ATLANTA — Hundreds of people want money for lost wages and unpaid medical bills after allegedly being injured by a COVID-19 related treatment.
The federal government has a little-known program called the Countermeasures Injury Compensation Program (CICP) that says it can help. But, so far, it has approved only a handful of claims.
11Alive's investigative team, The Reveal, has been trying for nine months to learn more about the program and the claims denied. This week, we finally received some answers.
The information is still very limited due to privacy laws around medical information. CICP started taking claims in 2010 when the government wanted people to get the H1N1 vaccine. About 400 people filed claims back then, believing they had somehow been injured by the shot. Then, the program got quiet with just a handful of claims for treatments associated with smallpox and anthrax.
Then came COVID-19. The Reveal has learned 641 claims – more than any other countermeasure – have been filed so far across the country. To be fair, more than three times as many COVID-19 vaccine shots have been given than H1N1 and we don’t have three times as many claims. To some, it’s proof treatments for COVID-19 are safe.
Others feel the data shows that even when a treatment is deemed safe, it is not without some risk. The CICP warns that filing a claim doesn’t mean the injury is actually related. At least in the CICP’s eyes, it's generally not.
Before COVID-19, the CICP denied 92% of the claims. Information obtained through our Freedom of Information Act request indicates most of those denials were because the person didn’t provide the necessary documentation or couldn’t prove their injury was related.
The CICP said it hasn’t made any decision about the COVID-related cases. Those injuries range from an allergic reaction to paralysis, but the most common is death.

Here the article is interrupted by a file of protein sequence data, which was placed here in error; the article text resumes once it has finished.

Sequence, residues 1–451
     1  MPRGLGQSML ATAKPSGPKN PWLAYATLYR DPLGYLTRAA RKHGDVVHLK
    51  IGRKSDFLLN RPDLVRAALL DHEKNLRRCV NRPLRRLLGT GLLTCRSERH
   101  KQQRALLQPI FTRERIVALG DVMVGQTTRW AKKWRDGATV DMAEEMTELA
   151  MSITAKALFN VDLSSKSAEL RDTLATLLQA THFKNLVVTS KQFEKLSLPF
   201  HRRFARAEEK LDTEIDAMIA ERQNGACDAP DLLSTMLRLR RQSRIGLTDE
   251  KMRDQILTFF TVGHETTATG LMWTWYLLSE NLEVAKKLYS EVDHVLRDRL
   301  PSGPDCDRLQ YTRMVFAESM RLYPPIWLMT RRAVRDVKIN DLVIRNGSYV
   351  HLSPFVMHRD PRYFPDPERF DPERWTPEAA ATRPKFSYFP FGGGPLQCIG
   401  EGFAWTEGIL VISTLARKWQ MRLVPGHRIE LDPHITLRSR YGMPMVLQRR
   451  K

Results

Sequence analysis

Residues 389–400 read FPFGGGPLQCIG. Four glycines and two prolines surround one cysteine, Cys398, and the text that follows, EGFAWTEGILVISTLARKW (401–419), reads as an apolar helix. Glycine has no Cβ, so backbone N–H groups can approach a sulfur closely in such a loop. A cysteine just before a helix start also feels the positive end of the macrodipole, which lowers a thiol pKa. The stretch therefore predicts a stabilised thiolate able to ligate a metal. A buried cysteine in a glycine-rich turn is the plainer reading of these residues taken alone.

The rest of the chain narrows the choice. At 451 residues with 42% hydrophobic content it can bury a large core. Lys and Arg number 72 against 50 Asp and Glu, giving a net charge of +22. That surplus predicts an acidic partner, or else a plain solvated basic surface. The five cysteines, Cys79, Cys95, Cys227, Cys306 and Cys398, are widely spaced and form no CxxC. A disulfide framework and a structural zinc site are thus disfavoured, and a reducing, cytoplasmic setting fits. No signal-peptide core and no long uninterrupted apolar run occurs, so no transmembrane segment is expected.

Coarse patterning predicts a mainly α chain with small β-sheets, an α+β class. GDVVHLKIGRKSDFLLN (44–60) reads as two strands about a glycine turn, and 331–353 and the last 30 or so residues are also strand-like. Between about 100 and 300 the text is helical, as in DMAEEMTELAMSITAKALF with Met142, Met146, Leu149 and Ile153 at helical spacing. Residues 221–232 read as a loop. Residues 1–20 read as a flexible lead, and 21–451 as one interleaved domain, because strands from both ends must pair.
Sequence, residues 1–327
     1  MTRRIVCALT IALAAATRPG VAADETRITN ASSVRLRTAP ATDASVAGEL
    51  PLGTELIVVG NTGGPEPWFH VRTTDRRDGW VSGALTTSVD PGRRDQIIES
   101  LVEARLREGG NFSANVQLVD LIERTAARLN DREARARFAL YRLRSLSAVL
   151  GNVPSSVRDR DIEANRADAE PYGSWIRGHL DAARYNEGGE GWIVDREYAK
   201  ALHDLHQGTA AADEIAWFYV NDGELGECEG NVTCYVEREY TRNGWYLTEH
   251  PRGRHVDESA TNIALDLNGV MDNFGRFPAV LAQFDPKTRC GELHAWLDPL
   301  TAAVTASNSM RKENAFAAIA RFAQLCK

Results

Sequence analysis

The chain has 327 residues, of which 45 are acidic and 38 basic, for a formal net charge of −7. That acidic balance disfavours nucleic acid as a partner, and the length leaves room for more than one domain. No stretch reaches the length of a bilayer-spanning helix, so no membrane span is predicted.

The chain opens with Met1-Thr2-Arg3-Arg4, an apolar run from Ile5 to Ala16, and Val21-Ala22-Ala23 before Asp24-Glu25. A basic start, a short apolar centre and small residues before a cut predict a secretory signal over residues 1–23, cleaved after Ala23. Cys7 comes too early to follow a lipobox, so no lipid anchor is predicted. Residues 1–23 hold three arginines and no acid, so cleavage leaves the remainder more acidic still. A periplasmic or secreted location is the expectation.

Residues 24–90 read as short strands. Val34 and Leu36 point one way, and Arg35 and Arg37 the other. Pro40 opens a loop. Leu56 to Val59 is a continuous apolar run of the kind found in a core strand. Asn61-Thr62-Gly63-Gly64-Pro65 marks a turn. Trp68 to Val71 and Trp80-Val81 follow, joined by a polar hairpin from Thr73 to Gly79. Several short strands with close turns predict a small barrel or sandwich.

About 100 of the claims related to death seem to have more to do with what the government didn’t do. The context of the claims appears connected to nursing home care and a lack of training on infection control.
“Failure to have infection control programs in place, the failure to have adequate infection control in place, the failure to properly train staff, the failure to provide sufficient staff, the failure to cohort infected and uninfected individuals, the failure to provide PPE to staff and residents, the failure to train on the proper use of PPE, the failure to have adequate procedures in place to deal with infection, the failure to adequately monitor residents for signs of infection, the failure to transfer residents to a higher level of care when needed, the failure to adequately treat residents with COVID, the failure to provide appropriate distancing among residents, the failure to properly report the number of COVID-19 cases and deaths to authorities, and others," according to a CICP report.
About twice as many claims, 182, have something to do with the use of a ventilator. Thirteen are associated with the vaccine, and 81 applications don’t say what treatment they think caused their loved one to die.
The CICP is considered the payer of last resort. If a claim is approved, the CICP will only reimburse lost wages and unpaid medical bills, so some of the people claiming injuries might be approved, but receive no compensation because they didn’t stop working and health insurance paid for their doctor’s visits.
You only have one year from the date of your injury to file and The Reveal did find claims denied because applicants missed the deadline. Here’s a link to learn more: https://www.hrsa.gov/cicp
The Reveal is an investigative show exposing inequality, injustice, and ineptitude created by people in power throughout Georgia and across the country.